The Agit Reader

Under the Big Black Sun
by John Doe with Tom DeSavia

May 5th, 2016  |  by Jamie Pietras

Under the Big Black Sun: A Personal History of LA PunkEclipsed in popular consciousness by their distant cousins in New York and London, LA’s punk progenitors forged an eclectic scene where country, blues, and Latin music coalesced with glam, garage rock, and beat poetry under a unifying DIY ethos and rejection of contemporary mid-70s popular entertainment. In Under the Big Black Sun: A Personal History of LA Punk (Da Capo Press), John Doe, bassist and vocalist from the quintessential left-coast punk band X, and Tom DeSavia, a longtime record publisher and A&R rep, present the scene’s history through a collection of 24 essays from the players who started it all. They include Go-Go’s guitarists Jane Wiedlin and Charlotte Caffey, former Black Flag frontman Henry Rollins, Minutemen bassist and vocalist Mike Watt, TSOL frontman Jack Grisham, and vocalist Teresa Covarrubias of The Brat, among others.

Doe said he wanted to document versions of LA’s punk story regardless of whether or not it jibed with his own memories. Nevertheless, a fairly cohesive narrative emerges. It’s a story of a lifestyle more expansive than music, a gay- and girl-friendly movement that spawned art, fashion, photography, and poetry and turned prevailing mores upside down—a scene that provided an outlet for prurient interests which, in the words of Pleasant Gehman, “included but weren’t limited to fluid-gender identities and nonspecific sexual roles, uniform fetishes, multiple partners, and especially, openly gay and bisexual experimentation.” Unfortunately for its founding members, the bacchanalian scene had expired by the onset of the Reagan ’80s, the movement co-opted by California beach punks who pushed it in a more violent and destructive direction. This pushed out many of the original movers and shakers, who then turned to genres like roots and rockabilly. The end of this era was marked by tragedy: the suicidal heroin overdose of Germs vocalist Darby Crash on December 7, 1980.

Those inclined to think of early punk’s sound strictly in terms of the three-chord songs emblematized by the Ramones (although Doe writes that “most Ramones songs are not”), might be interested in the left coast’s stylistic variations—from the synth-punk of The Screamers to The Blasters’ spirited take on Americana. “You would never listen to Black Flag and mistake them for the Weirdos, The Dickies, X, or The Plugz,” Doe says. Landmark venues like subterranean Hollywood nightclub The Masque and The Vex, the Chicano punk hub in East LA, helped publicize the nascent scene, as did influential fanzine Slash, which gave rise to Slash Records, who put out wax from Fear, X, The Germs, The Flesh Eaters, The Blasters, and others.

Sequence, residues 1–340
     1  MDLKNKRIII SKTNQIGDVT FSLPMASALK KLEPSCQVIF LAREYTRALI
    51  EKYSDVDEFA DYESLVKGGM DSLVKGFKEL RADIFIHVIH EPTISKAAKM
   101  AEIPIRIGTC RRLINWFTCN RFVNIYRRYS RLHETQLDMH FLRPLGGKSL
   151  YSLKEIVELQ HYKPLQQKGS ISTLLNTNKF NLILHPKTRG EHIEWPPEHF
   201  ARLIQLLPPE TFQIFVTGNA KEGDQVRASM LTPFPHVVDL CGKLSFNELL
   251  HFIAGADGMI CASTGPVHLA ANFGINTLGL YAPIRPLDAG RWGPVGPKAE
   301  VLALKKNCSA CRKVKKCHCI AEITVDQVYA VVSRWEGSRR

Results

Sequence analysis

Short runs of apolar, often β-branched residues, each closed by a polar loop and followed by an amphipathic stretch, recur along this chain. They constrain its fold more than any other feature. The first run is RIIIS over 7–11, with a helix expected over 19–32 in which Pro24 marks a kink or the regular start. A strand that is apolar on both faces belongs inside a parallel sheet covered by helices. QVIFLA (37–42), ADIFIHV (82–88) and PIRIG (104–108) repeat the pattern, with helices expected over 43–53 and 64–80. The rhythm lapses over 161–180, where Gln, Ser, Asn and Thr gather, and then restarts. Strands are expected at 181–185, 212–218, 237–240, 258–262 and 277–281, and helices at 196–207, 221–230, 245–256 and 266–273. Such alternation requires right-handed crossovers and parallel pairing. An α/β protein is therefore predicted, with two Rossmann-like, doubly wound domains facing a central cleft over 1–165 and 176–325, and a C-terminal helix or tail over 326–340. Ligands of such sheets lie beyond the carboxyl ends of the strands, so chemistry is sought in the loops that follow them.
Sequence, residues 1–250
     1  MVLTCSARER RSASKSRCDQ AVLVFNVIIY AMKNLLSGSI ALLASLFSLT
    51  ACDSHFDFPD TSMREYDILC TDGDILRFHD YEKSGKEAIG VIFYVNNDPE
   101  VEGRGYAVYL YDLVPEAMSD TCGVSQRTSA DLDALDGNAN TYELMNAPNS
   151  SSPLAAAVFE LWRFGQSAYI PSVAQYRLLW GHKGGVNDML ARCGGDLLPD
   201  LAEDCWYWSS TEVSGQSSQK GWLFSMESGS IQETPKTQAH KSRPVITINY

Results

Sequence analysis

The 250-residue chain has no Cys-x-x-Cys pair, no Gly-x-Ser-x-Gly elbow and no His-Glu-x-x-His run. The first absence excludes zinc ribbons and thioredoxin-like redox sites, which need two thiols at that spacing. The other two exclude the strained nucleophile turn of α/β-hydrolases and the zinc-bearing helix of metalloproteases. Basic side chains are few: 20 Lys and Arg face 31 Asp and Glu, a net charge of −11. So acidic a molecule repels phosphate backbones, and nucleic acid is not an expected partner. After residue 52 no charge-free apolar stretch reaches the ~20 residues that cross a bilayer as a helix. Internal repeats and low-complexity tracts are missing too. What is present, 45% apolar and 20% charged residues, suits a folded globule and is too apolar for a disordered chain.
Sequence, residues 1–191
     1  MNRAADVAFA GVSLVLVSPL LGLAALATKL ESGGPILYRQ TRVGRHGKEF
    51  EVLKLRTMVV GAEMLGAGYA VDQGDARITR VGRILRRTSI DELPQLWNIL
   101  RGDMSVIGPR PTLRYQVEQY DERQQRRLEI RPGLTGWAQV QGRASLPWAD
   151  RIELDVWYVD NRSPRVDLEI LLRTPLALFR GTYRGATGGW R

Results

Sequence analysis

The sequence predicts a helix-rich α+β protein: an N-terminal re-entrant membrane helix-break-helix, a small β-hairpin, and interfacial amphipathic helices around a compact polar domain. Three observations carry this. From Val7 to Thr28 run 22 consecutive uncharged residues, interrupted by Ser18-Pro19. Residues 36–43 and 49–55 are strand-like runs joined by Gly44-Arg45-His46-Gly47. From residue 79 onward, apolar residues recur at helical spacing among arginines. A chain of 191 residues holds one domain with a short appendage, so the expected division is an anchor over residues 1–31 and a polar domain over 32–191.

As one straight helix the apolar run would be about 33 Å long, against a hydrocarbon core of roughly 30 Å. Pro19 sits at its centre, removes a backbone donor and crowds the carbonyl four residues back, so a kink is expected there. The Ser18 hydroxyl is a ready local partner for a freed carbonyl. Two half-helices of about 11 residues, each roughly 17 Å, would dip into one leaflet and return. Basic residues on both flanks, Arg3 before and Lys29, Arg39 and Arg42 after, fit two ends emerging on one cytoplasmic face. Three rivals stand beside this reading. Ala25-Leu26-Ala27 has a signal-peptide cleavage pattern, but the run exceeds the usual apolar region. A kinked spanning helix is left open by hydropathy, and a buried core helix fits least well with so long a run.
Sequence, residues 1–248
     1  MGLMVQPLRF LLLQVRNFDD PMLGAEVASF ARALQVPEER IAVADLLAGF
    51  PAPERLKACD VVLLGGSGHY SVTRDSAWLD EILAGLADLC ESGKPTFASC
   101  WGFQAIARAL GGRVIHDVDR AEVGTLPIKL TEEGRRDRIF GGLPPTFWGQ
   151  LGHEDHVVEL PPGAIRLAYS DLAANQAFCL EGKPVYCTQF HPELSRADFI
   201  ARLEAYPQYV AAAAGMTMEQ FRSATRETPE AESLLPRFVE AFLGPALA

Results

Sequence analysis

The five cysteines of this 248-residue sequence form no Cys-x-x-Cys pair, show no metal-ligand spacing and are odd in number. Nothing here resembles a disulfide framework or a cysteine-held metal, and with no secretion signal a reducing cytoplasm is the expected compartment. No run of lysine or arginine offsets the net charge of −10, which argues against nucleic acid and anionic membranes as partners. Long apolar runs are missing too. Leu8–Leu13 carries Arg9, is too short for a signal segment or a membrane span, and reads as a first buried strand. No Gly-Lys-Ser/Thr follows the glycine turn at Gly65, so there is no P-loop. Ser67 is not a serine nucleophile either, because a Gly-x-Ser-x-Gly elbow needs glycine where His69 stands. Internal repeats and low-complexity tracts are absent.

As one whose visual frame of reference for early punk was formed in part by the caricatures depicted in pop culture—from the campy VHS cult film Class of 1984 to the Mohawk-shaving scene in Scorcese’s After Hours—I found it funny how closely some recollections actually match up. “My senses were in overload,” Caffy describes descending into The Masque. “From the graffiti, to the sounds bouncing off of every surface, to the dog collars, safety pins, multicolored hair, crazy makeup, and wild clothing, to the toilets overflowing, to the feeling of the sticky walls and floors, to the nonventilated dense mixture of smells.”

While this isn’t the first book to canvass this anthropological terrain (a book of oral histories, We Got the Neutron Bomb covered similar ground in 2001, and 2007’s Live at The Masque: Nightmare in Punk Alley provided a pictorial history of the fabled venue), the assortment of narrative voices make this read uniquely engaging—from Caffey’s novelistic scene-setting to Wiedlin’s pithy observations and punk rock aphorisms (“Go’s before Bro’s,” she writes) to Grisham’s sardonic sorry not sorry for the hardcore scene’s perceived transgressions. Even Watt’s stream-of-consciousness storytelling, disorienting as it is with its laissez-faire disregard for conventions like capitalizing the first words of sentences, will almost certainly be appreciated by fans who can more easily piece together the disparate details.

Like any rock memoir worth its salt, Under the Big Black Sun has its share of fun facts and hilarious anecdotes like Gehman describing being handed a lit joint by Tony Curtis and Doe describing his early days with X co-vocalist Exene Cervenka inwhat is easily my favorite sentence of the book: “Exene was hanging out with scary Vietnam vets who would twirl her over their head while alternately calling her Mary Magdalene or the Easter Bunny.”

In a culture of dedicated bohemians, “it was practically our duty to seek and find the other side of consciousness and break the rules of society along the way,” Doe writes. Still, despite the forays into biker crank, various prescription uppers, Mickey’s Big Mouths, and Camel filters, the specter of heroin abuse lurked quietly, with some “disappearing into their apartments only to emerge skinnier and stranger.” Doe and other scene elders avoided the trap and continued to have long and prolific careers. Their art endures, and this collection is a fine entry point for understanding the purlieu from which it came.

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